After graduating from college in 2007, Kim Son was ready to pursue her dream of becoming a teacher.

She took the New Jersey Praxis exam, a six-hour test required to obtain a teaching license. But after failing by seven points, she was afraid to try again. Instead, she landed at the Henry Davis Family School in East Camden, where she has been a teaching assistant for 16 years.

Now, Son, 40, and 14 other classroom aides, also known as paraprofessionals, are getting another chance to earn their certificates at little or no cost through the Camden Education Fund’s new “Teacher Pathway” program, which, through a $150,000 grant, will help them become full-time teachers while working in the classroom. Some, like Son, only need to pass the Praxis; others need to complete coursework toward their degrees.

“I’ve been wanting to be a teacher forever,” said Son. “It’s taken so long.”

Camden, like districts around the country, has grappled with a teacher shortage that is crippling its ability to staff classrooms. The program shows “that some of the strongest talent is already in our schools,” said Naeha Dean, the fund’s executive director. They just need help navigating the requirements to be full-time teachers.

The paraprofessionals, many with years of classroom experience, have been enrolled in Camden U, a nonprofit hybrid college that administers the pathway program customized for each student with asynchronous learning at their pace. They get counseling, mentoring, and test-prep coaching.

“I’m going to push this thing until I uncover every rock and find every person who wants to earn their certification,” said Khary Golden, executive director of Camden U, which has a partnership with Southern New Hampshire University to provide needed training. “I truly believe this work is a game changer.”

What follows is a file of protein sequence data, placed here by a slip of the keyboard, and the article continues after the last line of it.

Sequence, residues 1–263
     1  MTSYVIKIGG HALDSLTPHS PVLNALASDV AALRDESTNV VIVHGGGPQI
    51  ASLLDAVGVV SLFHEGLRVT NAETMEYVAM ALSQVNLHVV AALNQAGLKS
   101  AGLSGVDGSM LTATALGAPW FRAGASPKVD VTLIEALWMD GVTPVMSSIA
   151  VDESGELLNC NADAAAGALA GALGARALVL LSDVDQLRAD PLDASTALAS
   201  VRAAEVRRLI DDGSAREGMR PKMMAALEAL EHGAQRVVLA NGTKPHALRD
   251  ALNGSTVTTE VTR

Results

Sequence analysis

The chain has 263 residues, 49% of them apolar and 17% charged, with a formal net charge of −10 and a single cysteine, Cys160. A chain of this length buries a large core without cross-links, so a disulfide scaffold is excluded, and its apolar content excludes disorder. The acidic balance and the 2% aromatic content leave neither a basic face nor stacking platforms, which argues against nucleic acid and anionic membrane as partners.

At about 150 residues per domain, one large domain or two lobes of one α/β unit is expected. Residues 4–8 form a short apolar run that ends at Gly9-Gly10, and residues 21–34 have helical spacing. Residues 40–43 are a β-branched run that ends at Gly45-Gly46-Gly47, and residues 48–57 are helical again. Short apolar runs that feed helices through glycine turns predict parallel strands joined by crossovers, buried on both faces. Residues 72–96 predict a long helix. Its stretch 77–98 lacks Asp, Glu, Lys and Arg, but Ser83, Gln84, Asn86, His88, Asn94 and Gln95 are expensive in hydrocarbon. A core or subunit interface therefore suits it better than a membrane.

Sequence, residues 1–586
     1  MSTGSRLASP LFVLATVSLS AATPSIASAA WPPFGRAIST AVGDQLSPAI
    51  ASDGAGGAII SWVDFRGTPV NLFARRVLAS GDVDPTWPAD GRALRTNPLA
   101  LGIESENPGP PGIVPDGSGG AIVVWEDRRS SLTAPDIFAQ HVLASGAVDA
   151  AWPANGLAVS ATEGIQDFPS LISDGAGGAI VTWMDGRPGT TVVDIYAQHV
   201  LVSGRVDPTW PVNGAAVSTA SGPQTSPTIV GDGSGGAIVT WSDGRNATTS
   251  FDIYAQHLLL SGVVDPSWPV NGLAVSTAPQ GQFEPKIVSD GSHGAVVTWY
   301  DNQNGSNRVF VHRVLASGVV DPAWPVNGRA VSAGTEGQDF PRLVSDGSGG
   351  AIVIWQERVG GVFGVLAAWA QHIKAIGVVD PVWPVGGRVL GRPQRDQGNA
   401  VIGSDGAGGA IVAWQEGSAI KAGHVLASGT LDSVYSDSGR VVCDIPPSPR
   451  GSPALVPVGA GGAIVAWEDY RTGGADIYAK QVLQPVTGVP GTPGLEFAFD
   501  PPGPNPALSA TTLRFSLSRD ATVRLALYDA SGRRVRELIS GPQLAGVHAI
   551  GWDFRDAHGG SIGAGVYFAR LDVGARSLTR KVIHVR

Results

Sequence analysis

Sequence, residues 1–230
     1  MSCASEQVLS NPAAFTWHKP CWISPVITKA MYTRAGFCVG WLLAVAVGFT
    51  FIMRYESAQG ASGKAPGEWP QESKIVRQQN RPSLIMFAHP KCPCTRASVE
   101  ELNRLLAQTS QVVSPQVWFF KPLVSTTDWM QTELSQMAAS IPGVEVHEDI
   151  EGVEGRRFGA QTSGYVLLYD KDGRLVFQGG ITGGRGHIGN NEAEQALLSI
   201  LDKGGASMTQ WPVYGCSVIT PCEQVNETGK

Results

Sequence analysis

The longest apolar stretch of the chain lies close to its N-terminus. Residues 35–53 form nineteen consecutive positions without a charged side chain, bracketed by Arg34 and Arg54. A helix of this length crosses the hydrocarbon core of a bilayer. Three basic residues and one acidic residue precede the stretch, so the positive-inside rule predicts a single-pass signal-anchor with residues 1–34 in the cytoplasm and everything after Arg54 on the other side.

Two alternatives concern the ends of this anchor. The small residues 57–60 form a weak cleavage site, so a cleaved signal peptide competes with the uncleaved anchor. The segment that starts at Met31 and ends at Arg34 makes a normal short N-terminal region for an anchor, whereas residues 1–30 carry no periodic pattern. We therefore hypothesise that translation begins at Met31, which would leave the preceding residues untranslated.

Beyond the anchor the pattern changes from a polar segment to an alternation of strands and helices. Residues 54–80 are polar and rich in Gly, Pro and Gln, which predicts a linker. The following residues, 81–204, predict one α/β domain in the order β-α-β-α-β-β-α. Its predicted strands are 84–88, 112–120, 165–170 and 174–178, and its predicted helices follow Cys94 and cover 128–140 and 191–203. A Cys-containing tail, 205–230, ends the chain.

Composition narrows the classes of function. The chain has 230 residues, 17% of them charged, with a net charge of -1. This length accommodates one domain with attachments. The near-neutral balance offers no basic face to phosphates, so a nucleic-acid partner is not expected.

In Camden Public Schools, where 245 paraprofessionals were employed in 2020-21, an entry-level position pays about $22,000 annually, compared with about $53,000 for a new elementary school teacher.

In addition to holding a bachelor’s degree, public school teacher candidates in New Jersey must complete at least 12 weeks as a student teacher, attend a teacher preparation program, and pass the Praxis. (A bill introduced last month in Trenton would eliminate the Praxis requirement, as supporters, including the New Jersey Education Association, say the test is not a fair assessment of teacher quality.)

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Golden said some of the paraprofessionals who already hold bachelor’s degrees will begin taking the three-step Praxis exam later this month and could become teachers by spring 2023. A second cohort already has 14 participants, he said.

Camden Superintendent Katrina McCombs applauded the program. The district, which enrolls about 5,200 students in the city’s traditional public schools, recently announced plans to recruit bilingual teachers in Puerto Rico because of shortages. There is no guarantee the paraprofessionals will be hired in Camden, but the district will give them serious consideration, she said.

“Recruiting and retaining the highest-quality educators, school leaders, and support staff is critical to our students’ success, so it is imperative to ensure a great teacher is in every classroom,” McCombs said.

Kim Son: Getting past the test

Son, who was born in Vietnam and came to the United States in 1989, graduated from Woodrow Wilson High School. She earned a bachelor’s in sociology from Rowan University, the first in her large family to graduate from college.